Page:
The Nervous System 

Every organ has a work to do. For example, the stomach helps digest foods, the kidneys help excrete poisonous waste matter, the skin regulates the heat of the body, the heart causes the blood to circulate. Each organ must do its proper amount of 
work at the proper time, and all the organs must work together in harmony, or the body will become sick. The work of the 
nervous system is to make all parts of the body work at the right time, in the right way, and do the right amount. 

The Brain and the Spinal Cord 

The two main divisions of the nervous system are the brain and the spinal cord. The brain is protected inside the skull. The nerve fibres from the two sides of the brain come together at its base. Here they cross each other, exchanging sides and extending downward, to form the spinal cord. It is important to note that they cross, for this explains why the left 
side of the body is controlled from the right side of the brain and vice versa.
      These fibres leave the skull through an opening at its base and proceed down the-back behind the segmented spinal bones 

that form the vertebrae. The spinal cord, as tlhese fibres are collectively called, is protected within a hollow column formed by a succession of bony appendages projecting from the vertebrae and joining together to form a continuous canal.
Projecting backward from this column there is still a further bony ridge running the full length of the back, which one can feel by running his hand up and down the backbone.
        Nerves leave the spinal cord from each side through notches in the protecting bony column. These divide and subdivide as the branches of a vine until they provide muscular or sensory control over the entire body. The final divisions of the nerves are microscopic. No part of the body can be injured without some nerve being involved and relaying a sensation to the brain.

Functions of the Brain and Spinal Cord

    The brain and the spinal cord are like the governor of a province, who resides in his office in the capital. The nerves that extend out to every part of the body are like the telegraph wires that connect the governor's office with every important city in the state. Messages come in over the telegraph wire
from a city to the governor, telling him what has happened. He at once sends back a message over the wire telling the local official what to do.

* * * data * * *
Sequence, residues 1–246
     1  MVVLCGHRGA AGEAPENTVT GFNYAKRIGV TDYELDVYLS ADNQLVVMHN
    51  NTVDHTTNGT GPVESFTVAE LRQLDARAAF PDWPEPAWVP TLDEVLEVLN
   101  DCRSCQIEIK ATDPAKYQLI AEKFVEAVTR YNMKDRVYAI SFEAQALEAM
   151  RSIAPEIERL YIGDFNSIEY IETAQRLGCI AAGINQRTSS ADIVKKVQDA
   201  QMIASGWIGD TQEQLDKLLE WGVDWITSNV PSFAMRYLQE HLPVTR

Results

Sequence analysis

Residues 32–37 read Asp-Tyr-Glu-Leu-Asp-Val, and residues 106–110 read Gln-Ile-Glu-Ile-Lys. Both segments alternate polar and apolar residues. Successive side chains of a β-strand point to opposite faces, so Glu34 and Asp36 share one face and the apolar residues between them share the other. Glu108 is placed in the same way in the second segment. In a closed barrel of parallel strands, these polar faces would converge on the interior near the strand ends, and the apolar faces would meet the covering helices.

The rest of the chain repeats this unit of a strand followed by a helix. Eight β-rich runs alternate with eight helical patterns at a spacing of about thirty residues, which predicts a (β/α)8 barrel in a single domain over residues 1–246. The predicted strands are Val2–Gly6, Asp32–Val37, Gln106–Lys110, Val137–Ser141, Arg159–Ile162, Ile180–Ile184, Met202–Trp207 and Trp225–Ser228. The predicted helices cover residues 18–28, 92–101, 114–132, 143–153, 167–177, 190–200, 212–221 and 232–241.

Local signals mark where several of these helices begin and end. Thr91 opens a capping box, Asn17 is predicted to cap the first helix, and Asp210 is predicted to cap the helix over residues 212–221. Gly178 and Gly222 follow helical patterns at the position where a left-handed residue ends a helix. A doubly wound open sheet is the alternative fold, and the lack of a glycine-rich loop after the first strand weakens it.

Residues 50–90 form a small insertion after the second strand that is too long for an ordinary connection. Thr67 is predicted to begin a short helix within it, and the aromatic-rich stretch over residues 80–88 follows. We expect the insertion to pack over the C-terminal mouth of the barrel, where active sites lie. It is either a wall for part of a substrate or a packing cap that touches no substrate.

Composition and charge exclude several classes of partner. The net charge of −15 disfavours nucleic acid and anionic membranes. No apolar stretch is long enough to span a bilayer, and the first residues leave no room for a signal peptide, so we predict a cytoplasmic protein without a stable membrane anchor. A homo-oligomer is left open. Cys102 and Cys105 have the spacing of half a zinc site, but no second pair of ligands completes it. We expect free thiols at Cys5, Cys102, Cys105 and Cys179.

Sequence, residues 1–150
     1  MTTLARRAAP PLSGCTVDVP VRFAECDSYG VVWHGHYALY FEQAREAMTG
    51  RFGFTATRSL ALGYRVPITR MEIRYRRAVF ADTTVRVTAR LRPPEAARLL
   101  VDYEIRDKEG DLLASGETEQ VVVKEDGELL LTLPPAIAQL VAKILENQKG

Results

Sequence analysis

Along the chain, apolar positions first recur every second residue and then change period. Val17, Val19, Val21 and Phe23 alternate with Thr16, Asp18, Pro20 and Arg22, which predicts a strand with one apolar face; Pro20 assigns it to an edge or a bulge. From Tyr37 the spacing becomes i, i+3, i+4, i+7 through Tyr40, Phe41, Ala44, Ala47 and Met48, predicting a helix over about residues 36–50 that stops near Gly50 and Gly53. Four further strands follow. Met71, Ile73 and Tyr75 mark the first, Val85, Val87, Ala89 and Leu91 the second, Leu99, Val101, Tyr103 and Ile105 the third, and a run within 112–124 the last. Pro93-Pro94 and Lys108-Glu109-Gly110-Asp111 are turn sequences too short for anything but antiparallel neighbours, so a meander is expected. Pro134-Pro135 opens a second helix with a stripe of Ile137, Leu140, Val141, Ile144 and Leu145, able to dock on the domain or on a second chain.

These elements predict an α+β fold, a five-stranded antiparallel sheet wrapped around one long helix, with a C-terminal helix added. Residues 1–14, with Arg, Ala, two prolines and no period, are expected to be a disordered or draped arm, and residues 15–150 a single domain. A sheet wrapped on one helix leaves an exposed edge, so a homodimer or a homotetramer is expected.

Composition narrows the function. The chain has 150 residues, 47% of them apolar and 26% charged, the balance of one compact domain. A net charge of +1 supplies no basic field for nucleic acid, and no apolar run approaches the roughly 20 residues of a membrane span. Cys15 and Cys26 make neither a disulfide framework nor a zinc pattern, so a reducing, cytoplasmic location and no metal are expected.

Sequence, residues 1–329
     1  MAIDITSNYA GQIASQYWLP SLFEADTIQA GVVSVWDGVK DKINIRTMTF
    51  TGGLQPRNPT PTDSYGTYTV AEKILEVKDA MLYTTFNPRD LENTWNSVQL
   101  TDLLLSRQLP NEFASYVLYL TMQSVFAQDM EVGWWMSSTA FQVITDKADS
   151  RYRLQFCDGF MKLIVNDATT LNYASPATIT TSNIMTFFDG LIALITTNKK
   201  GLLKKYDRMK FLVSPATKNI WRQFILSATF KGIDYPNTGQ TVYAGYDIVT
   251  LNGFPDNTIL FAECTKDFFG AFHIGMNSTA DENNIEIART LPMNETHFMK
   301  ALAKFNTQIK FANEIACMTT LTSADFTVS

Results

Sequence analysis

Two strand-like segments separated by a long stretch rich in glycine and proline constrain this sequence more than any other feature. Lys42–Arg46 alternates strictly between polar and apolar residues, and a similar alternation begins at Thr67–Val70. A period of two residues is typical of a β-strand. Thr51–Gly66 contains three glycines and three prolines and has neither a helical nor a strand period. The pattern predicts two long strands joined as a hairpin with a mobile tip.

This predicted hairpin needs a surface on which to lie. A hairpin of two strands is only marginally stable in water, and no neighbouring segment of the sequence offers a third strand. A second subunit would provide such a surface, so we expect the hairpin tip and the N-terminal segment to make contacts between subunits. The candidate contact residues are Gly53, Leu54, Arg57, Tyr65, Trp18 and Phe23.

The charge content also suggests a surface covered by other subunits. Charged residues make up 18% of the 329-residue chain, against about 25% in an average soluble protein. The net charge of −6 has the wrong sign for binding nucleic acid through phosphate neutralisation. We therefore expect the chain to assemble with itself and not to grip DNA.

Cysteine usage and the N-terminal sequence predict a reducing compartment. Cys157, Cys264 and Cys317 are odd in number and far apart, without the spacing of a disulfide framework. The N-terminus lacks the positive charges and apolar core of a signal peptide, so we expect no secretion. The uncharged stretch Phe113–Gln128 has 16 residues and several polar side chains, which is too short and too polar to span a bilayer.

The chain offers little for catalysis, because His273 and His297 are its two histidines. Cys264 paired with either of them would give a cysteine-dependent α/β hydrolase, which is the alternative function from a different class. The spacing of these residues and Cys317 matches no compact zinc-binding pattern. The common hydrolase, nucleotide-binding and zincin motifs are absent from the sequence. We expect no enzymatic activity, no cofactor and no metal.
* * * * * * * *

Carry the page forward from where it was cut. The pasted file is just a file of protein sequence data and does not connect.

The brain not only receives the messages from the different parts of the body, but it sends out messages and causes the muscles to move. For example, if we wish to walk, the brain orders the muscles of the legs to move the legs and feet.
       The brain is the centre of our lives. It does the loving and hating, the thinking and feeling, the planning and choosing and the directing of nearly all the activities of the body. There are some physiological functions that are involuntary. That is,
they are not under the control of the will. The heart keeps on beating whether we wake or sleep. We cannot command it.We cannot stop it. The same may be said of the stomach and the intestines. Our breathing is both direct control and involuntary control.If we dive into water,for example,or are in the presence of objectionable air,we can hold our breath but if we go to sleep,breathing continues as an involuntary function.
   Other very interesting movements not under the control of the brain are the reflexes. If we accidentally place our hand

1. Canal for spinal cord ; 2. The projection below figure 2 is the spinous process that is felt when the hand is run down the back of the spinal column ; 3. Body of the vertebra.
    Note : The nerve fibres from the two sides of the brain come together at its base.
Here they cross each other, exchanging sides and extending downward to form the spinal cord.it is important to note that they cross,for this explains why the left side of the body is controlled from the right side of the brain and vice versa. So in strokes affecting the right side of the cerebrum the left side of the body is affected and vice
     Polio may affect the spinal cord at any level. It destroys some or all of the motor nerve fibres that extend from the brain to the muscles. All such muscles are paralysed in whole or in part depending on the proportion of nerve fibres that are destroyed.

           On a sharp pin or a hot stove, we take it off quickly before we have time to think. If we had to wait for a message from the brain before we could remove the hand from the hot stove, it would be seriously burned. But with the help of the reflex arc, which takes over and moves the hand in an instant, the damage is minimized to a slight hurt. What happens is this. The sensation of burning goes up-the sensory nerves to the spinal cord. There it is short-circuited to the motor nerves, which send an impulse to the muscles concerned to
remove the hand.

Hygiene of the Nervous System

    The whole body must be well and strong in order for the nervous system to be healthy. Good food,pure air, sleep and proper exercise of the mind and body, are necessary in order to keep the nervous system in good condition.


  Almost everything we do, whether good or bad, becomes a habit. One can train the mind so that only good habits will be formed. On the other hand, by thinking evil thoughts over and over again and by saying and doing evil things repeatedly, one can
form bad habits. Most of our habits are fixed before we reach the age of twenty-five. How important, then, that children and youth be properly trained! They should be taught to think of things that are true and honest, just and pure, and of good report. In this way a noble character will be developed,
If good mental and physical habits are formed, disease will be more easily avoided, and a long, useful life will be more certain of attainment.



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